Geochemist's Workbench Software Program Used Worldwide

Posted on 08.23.2015

A computer software program written by Professor Craig Bethke and his research team has taken the geochemistry field by storm.

The Geochemist's Workbench, which has been described as "Mathematica for geochemists," makes quick work of chores such as balancing reactions, calculating equilibrium constants, constructing Eh/Ph diagrams, and tracing even very complicated reaction processes. The software works graphically, so users can solve problems on their PCs and then paste the resulting diagrams directly into their documents. The latest release, version 3.2, also solves microbiological problems.

"We needed this software to do our own work," says Bethke, who studies geochemical questions concerning remediation of contaminated groundwater, safety of injection wells, effects of microbes on groundwater quality, and the mobility of heavy metals in acid mine drainage, among other things. "By making the software available to others we could hire professional programmers to continue to develop and refine it."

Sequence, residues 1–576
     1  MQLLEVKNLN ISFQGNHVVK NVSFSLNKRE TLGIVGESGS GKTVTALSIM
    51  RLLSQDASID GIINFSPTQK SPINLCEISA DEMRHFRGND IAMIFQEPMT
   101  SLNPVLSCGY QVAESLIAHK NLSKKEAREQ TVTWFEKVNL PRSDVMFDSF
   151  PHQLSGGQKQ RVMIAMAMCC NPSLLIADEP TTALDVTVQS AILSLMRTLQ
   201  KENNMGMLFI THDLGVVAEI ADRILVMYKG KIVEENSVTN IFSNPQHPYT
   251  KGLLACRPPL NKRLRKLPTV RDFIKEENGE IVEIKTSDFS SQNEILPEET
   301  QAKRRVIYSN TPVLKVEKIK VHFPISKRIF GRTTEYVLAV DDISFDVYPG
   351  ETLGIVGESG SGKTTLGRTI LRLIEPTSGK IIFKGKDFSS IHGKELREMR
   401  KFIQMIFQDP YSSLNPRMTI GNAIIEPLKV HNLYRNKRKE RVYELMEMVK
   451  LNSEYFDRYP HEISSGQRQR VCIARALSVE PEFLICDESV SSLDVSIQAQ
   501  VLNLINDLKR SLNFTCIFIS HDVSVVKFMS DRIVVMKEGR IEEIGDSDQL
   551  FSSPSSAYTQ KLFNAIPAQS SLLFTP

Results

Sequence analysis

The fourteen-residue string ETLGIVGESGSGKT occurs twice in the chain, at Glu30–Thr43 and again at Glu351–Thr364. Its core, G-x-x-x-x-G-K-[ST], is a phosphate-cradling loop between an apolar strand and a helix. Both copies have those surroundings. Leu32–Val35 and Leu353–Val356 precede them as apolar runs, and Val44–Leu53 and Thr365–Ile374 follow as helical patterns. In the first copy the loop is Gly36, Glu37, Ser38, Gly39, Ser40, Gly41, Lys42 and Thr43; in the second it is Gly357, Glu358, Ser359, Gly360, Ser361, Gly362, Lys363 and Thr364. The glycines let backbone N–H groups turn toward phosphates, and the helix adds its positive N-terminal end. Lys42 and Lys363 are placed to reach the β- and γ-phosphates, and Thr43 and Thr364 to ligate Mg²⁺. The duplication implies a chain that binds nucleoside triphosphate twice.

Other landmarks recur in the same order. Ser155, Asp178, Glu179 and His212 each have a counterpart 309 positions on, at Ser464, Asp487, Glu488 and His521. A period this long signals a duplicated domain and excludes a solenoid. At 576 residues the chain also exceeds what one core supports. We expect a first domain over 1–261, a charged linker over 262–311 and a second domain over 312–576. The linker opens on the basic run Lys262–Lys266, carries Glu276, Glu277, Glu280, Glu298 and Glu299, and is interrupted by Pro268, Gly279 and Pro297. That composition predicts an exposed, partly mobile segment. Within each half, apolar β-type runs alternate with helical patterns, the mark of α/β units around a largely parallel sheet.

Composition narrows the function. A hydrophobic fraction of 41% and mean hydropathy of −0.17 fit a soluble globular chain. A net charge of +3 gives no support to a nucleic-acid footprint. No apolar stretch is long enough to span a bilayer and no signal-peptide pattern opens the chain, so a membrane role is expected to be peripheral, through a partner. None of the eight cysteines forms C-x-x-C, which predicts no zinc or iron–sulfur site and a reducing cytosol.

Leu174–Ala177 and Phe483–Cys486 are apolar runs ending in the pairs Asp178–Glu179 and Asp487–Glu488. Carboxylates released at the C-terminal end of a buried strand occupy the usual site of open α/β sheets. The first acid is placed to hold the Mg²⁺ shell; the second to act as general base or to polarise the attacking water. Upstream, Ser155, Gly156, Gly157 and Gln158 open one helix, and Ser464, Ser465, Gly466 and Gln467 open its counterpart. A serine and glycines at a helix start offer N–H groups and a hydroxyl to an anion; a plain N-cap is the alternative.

The program is clearly filling a strong need. Researchers, in countries as diverse as Brazil, South Africa, Egypt, Israel, India, China, Taiwan, Japan, Korea, Australia, New Zealand, and even Slovenia, have licensed the software. The program is applied extensively in the energy, mineral and environmental industries. Bethke is particularly gratified that many university departments use the software for teaching subjects such as environmental science, "green chemistry" and geology.

"People are using the software for applications we never even imagined, like designing longer-lasting roadways," says Bethke.

The Geochemist's Workbench also is being adopted as the standard software at most national labs, such as Sandia and Lawrence Livermore, as well as government agencies such as the USGS and EPA.

The first line of Geochemist's Workbench was written in 1978 when Bethke was a undergraduate student. The completed program was first made available in 1991. It has been updated periodically ever since.